Pathogenesis and treatment of alcoholic liver disease: progress over the last 50 years

C S Lieber
Roczniki Akademii Medycznej W Białymstoku, Annales Academiae Medicae Bialostocensis 2005, 50: 7-20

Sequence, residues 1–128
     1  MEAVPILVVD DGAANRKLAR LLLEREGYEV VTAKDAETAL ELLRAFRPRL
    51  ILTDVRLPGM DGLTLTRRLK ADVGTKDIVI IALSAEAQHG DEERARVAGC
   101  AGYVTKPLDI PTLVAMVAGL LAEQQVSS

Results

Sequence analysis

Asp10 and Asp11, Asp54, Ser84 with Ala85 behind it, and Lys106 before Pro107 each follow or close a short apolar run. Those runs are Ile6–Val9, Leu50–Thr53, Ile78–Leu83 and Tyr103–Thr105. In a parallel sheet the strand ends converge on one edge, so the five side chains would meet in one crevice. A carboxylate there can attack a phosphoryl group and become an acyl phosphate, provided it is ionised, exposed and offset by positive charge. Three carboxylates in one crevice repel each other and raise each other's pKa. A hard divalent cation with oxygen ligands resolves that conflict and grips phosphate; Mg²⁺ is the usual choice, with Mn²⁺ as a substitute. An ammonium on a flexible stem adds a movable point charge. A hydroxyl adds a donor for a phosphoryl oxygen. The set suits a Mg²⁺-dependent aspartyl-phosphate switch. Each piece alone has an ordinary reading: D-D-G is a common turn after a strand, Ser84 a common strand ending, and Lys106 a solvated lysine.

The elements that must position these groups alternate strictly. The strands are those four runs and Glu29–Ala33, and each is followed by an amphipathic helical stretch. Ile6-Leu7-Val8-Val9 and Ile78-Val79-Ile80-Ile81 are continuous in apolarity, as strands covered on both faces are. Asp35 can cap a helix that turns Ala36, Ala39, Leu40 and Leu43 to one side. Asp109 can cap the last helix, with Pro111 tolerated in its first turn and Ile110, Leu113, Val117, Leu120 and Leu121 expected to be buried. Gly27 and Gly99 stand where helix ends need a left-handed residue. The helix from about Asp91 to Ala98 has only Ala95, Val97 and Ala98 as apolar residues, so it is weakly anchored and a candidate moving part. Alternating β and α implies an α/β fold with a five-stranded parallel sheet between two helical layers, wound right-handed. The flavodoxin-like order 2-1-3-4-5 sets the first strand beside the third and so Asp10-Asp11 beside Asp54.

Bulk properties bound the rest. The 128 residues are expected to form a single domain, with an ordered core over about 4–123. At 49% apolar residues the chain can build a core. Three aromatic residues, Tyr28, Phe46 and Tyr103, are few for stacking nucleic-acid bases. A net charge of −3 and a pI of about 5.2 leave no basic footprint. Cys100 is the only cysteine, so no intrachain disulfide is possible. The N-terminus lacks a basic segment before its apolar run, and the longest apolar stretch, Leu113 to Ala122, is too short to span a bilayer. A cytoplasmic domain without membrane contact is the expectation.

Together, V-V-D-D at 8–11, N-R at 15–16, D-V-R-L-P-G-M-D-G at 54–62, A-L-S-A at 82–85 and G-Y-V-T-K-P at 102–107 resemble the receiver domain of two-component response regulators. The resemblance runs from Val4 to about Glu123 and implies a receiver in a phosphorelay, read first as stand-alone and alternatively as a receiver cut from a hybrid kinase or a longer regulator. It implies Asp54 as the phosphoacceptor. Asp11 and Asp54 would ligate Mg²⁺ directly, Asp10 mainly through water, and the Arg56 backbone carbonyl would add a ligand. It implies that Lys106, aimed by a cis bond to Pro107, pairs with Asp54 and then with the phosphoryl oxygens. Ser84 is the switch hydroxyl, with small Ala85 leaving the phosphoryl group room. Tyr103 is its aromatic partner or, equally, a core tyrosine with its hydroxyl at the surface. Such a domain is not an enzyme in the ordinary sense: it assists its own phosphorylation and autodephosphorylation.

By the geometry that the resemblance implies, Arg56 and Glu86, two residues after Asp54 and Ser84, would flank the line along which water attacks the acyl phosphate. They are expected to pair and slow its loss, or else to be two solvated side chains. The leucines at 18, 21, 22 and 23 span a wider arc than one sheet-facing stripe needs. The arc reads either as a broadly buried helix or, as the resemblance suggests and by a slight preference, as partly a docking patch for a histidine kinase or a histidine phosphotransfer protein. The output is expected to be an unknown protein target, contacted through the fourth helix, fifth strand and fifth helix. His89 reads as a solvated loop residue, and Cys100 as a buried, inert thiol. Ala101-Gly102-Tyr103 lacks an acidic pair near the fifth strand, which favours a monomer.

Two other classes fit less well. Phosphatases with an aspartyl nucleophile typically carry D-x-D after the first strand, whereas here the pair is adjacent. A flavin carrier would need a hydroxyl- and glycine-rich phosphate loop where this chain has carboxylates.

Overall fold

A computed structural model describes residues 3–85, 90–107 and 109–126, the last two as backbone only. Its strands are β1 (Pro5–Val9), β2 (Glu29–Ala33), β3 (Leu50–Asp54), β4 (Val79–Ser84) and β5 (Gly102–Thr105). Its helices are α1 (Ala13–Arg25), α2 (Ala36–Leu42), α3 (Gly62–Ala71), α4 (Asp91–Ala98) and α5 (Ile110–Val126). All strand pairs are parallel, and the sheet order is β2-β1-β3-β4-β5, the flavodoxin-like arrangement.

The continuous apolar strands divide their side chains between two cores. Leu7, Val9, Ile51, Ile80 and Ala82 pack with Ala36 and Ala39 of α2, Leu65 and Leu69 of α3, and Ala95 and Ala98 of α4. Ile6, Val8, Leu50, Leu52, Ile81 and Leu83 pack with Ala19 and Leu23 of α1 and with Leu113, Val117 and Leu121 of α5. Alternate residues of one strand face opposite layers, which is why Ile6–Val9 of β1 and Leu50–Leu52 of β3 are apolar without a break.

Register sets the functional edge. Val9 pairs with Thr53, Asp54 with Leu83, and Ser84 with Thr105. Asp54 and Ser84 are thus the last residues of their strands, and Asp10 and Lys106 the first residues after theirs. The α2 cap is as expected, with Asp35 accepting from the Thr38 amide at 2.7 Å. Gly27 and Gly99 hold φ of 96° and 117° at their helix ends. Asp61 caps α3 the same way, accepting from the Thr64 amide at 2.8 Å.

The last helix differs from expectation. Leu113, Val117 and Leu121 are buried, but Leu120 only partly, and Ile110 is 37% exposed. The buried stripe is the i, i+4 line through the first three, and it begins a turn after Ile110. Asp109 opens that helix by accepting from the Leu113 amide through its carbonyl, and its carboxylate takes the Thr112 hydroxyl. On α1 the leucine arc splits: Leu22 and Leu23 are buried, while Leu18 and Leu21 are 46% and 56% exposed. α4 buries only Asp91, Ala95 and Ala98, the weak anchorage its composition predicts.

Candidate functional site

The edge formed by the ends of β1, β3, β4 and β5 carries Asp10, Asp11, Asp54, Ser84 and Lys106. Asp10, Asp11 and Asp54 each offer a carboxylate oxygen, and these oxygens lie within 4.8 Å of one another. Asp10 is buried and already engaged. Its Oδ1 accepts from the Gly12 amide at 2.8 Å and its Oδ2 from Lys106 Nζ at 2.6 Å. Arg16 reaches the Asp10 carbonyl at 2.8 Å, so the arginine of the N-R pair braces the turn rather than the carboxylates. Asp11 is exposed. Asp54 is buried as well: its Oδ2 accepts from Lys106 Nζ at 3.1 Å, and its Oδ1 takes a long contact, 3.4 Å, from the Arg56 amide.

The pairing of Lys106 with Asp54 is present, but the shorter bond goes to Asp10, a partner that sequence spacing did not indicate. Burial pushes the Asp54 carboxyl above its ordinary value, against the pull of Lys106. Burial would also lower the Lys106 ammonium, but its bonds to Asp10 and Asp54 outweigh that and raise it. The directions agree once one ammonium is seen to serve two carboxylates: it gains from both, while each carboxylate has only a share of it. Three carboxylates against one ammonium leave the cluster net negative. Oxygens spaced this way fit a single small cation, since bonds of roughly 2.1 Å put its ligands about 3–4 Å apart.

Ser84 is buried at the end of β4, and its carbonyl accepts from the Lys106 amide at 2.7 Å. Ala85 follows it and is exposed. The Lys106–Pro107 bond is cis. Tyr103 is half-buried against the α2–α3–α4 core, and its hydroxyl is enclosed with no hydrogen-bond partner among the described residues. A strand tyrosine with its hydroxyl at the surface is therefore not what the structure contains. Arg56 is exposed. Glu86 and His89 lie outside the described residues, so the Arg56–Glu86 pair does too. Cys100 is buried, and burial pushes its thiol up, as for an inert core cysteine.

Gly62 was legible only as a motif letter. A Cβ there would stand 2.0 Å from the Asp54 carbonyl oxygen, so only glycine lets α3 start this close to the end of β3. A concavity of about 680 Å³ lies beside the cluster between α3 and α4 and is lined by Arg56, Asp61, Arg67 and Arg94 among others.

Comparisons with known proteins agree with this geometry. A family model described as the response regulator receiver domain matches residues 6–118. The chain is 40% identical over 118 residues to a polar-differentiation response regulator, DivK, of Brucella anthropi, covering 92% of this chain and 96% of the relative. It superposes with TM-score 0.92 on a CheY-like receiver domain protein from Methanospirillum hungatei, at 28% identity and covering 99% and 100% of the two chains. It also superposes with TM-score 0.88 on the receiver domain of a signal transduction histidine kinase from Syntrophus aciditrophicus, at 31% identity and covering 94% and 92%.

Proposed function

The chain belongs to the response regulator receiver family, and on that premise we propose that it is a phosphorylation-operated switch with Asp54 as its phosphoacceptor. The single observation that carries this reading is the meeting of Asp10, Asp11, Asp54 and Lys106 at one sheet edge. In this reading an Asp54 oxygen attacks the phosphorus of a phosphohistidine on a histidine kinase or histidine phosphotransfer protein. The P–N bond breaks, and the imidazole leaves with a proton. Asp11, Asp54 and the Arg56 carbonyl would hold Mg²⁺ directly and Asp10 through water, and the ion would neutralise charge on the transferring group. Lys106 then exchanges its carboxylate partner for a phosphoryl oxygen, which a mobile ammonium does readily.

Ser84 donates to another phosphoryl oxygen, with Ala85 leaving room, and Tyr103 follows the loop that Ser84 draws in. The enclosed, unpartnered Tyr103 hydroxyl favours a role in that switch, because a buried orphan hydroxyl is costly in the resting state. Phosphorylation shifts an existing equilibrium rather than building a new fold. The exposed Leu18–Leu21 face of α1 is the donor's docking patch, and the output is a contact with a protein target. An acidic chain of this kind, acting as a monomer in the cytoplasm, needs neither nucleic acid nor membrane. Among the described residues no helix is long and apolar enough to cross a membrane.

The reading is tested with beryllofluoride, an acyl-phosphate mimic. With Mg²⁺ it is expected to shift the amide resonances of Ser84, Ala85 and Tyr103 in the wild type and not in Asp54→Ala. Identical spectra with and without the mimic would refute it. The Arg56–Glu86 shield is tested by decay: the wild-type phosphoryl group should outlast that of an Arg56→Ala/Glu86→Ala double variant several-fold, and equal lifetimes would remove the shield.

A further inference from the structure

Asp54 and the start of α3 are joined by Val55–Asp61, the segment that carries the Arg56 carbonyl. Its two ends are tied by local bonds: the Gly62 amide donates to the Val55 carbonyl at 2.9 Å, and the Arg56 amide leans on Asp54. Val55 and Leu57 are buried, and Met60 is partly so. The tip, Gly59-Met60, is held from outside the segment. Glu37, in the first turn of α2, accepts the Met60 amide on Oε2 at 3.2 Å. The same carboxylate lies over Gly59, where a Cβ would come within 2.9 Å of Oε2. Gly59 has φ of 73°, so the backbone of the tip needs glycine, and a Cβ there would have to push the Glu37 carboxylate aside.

Fifty years ago the dogma prevailed that alcohol was not toxic to the liver and that alcoholic liver disease was exclusively a consequence of nutritional deficiencies. We showed, however, that liver pathology developed even in the absence of malnutrition. This toxicity of alcohol was linked to its metabolism via alcohol dehydrogenase which converts nicotinamide adenine dinucleotide (NAD) to nicotinamide adenine dinucleotide-reduced form (NADH) which contributes to hyperuricemia, hypoglycemia and hepatic steatosis by inhibiting lipid oxidation and promoting lipogenesis. We also discovered a new pathway of ethanol metabolism, the microsomal ethanol oxidizing system (MEOS). The activity of its main enzyme, cytochrome P4502E1 (CYP2E1), and its gene are increased by chronic consumption, resulting in metabolic tolerance to ethanol. CYP2E1 also detoxifies many drugs but occasionally toxic and even carcinogenic metabolites are produced. This activity is also associated with the generation of free radicals with resulting lipid peroxidation and membrane damage as well as depletion of mitochondrial reduced glutathione (GSH) and its ultimate precursor, namely methionine activated to S-adenosylmethionine (SAMe). Its repletion restores liver functions. Administration of polyenylphosphatidylcholine (PPC), a mixture of unsaturated phosphatidylcholines (PC) extracted from soybeans, restores the structure of the membranes and the function of the corresponding enzymes. Ethanol impairs the conversion of beta-carotene to vitamin A and depletes hepatic vitamin A and, when it is given together with vitamin A or beta-carotene, hepatotoxicity is potentiated. Our present therapeutic approach is to reduce excess alcohol consumption by the Brief Intervention technique found to be very successful. We correct hepatic SAMe depletion and supplementation with PPC has some favorable effects on parameters of liver damage which continue to be evaluated. Similarly dilinoleoylphosphatidylcholine (DLPC), PPC's main component, also partially opposes the increase in CYP2E1 by ethanol. Hence, therapy with SAMe +DLPC is now being considered.

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